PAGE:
Charles and John Ringling along with their three of their brothers started a circus. With a family history of entertainers from Europe, the boys naturally performed most of the acts themselves. From clowns to acrobats and jugglers, they formed their show until it grew into one of the two most famous circus acts in the U.S.
Lee de Forest - (August 26, 1873 - June 30, 1961)
Lee de Forest’s invention of the Audion vacuum tube made live broadcasting possible. He served as the chief scientist for the first U.S. radio firm, American Wireless Telephone and Radio.
Herbert Hoover - President - (August 10, 1874 - October 20, 1964)
Known as a humanitarian, Herbert Hoover served one term as the 31st U.S. president. Before being elected president, Hoover’s humanitarian efforts during the Boxer Rebellion, World War I and his ability to organize aid at difficult times became a hallmark of his character. During his term in office, the U.S. economy plunged into the Great Depression. Hoover’s extended a few actions to stimulate the economy. Hoover believed aid must come from the local level and in a limited federal government role. In 1932, Franklin D. Roosevelt defeated Hoover in his bid for reelection. The Great Depression lasted until 1939.
Eugene Burton Ely - Aviator - (October 21, 1886 - October 19, 1911)
In 1910, the United States Navy partnered with Eugene Ely and Glenn Curtiss to attempt to take off and land a plan on board one of the Navy’s ships. Ely completed a haphazard take off in a Curtiss Pusher from the deck of the USS Birmingham on November 14, 1910, causing damage to the propeller.
On January 18, 1911, Ely successfully landed the Curtiss on the USS Pensylvania where a modified landing deck and a restraining system had been prepared.
Grant Wood - Artist - (February 13, 1891 - February 12, 1942)
Most known for his piece, American Gothic, Grant Wood’s paintings depict American life. American Gothic launched Wood to the forefront of the Regionalist movement while the painting found a permanent place in American culture.
W.H. Carothers - Chemist - (April 27, 1896 - April 29, 1937)
W.H. Carothers invented nylon and neoprene. As a chemist, his contributions led to breakthroughs led to multiple versatile uses in industry and manufacturing.
George Gallup - Statistician - (November 18, 1901 - July 26, 1984)
Combining his journalism background and his polling skills, George Gallup founded the American Institute of Public Opinion in 1935. It would become known as Gallup.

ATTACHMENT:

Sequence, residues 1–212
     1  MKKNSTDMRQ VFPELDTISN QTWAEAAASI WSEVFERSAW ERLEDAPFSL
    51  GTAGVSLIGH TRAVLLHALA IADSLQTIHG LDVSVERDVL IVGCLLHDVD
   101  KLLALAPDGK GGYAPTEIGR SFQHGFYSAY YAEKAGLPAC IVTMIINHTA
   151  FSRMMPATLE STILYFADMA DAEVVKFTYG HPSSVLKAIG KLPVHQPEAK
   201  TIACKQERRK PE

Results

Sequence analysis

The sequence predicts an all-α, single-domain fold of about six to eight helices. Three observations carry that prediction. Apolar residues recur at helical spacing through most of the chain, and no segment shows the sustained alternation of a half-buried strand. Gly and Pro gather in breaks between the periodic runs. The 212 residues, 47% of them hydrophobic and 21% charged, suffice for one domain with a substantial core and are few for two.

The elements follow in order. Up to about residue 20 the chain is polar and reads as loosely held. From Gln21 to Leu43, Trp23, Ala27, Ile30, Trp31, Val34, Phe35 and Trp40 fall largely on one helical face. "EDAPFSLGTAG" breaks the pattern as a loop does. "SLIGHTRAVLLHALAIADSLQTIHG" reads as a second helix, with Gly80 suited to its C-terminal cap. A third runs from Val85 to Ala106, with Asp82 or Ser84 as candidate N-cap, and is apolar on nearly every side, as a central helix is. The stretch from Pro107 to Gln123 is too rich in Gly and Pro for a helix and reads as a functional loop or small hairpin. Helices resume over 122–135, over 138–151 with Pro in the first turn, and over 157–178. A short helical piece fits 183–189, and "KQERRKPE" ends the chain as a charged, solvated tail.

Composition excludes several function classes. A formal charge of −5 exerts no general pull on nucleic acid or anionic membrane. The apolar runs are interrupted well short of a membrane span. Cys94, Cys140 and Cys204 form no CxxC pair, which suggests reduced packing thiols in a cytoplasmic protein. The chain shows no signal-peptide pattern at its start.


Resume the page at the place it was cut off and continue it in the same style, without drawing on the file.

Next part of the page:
Glenn Miller - Composer - (March 1, 1904 - December 15, 1944)
Glenn Miller led one of the most popular World War II era bands. “Moonlight Serenade” and “Chattanooga Choo Choo” name just a couple of his many hits.
Marion Mitchell Morrison - Actor - (May 26, 1907 - June 11, 1979)
Marion Mitchell Morrison, otherwise known as John Wayne, began his acting career under the guidance of director John Ford. Noted for his Westerns, John Wayne would also take on war and political dramas. Nominated for three Academy Awards, The Duke would earn Best Actor for the Western True Grit in 1969.
Winifred Asprey - Mathematician - (April 8, 1917 - October 19, 2007)
Mathematician and computer scientist, Winifred Asprey earned her Ph.D. in mathematics at a time when very few women did. Asprey established the first computer lab at Vassar College in 1967. Vassar soon became the second college to acquire an IBM System/360 computer.
Bob Feller - Baseball Player - (November 3, 1918 - December 15, 2010)
Nicknames like Rapid Robert, Bullet Bob and The Heather from Van Meter quickly sum up the pitching style of Bob Feller. Spending 18 years with the Cleveland Indians, Feller’s wicked fastball kept batters pacing the distance between the dugout and the plate. In 1941, Feller put his career on hold when he enlisted, becoming the first player to volunteer for World War II.
Johnny Carson - Talk Show Host - (October 23, 1925 - January 23, 2005)
Johnny Carson’s early career in broadcasting began in radio and television for WOW in Nebraska. He hosted several shows before being tapped to replace Jack Paar as the host of the Tonight Show in 1962. He successfully hosted the show for 30 years with his sidekick, Ed McMahon.
Dan Gable - Wrestler - (October 25, 1948 -)
Dan Gable earned gold in wrestling at the 1972 Olympics in Munich, West Germany. He would go on to become the wrestling coach at the University of Iowa. Gable has also coached the U.S. Olympic team to multiple gold medals during his career.
Peggy Whitson - Astronaut - (February 9, 1960 -)
Astronaut, Peggy Whiston, holds the record for the most cumulative time in space by an American. At 665 days accrued, Whiston spent her extended mission above the Earth on the International Space Station and broke the record on September 2, 2017.